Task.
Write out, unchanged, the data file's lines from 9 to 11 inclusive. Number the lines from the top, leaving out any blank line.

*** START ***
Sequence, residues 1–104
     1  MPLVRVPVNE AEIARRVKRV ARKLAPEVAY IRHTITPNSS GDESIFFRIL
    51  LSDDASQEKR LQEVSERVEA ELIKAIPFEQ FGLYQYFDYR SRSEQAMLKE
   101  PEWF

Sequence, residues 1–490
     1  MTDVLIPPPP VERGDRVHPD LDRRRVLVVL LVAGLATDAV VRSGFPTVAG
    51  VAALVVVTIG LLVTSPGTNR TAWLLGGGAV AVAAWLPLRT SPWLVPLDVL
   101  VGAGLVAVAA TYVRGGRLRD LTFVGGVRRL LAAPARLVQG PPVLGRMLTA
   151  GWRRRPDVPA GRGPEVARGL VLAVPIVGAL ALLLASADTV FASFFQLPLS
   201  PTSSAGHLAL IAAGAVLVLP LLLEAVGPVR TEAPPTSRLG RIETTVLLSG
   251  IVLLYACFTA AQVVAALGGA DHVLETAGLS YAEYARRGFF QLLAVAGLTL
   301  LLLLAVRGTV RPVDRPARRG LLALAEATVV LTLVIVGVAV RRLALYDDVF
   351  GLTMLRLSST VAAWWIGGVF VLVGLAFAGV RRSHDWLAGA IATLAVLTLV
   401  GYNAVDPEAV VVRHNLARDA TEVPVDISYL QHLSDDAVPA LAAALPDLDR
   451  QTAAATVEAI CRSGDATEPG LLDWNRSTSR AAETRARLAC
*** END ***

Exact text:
   151  GWRRRPDVPA GRGPEVARGL VLAVPIVGAL ALLLASADTV FASFFQLPLS
   201  PTSSAGHLAL IAAGAVLVLP LLLEAVGPVR TEAPPTSRLG RIETTVLLSG
   251  IVLLYACFTA AQVVAALGGA DHVLETAGLS YAEYARRGFF QLLAVAGLTL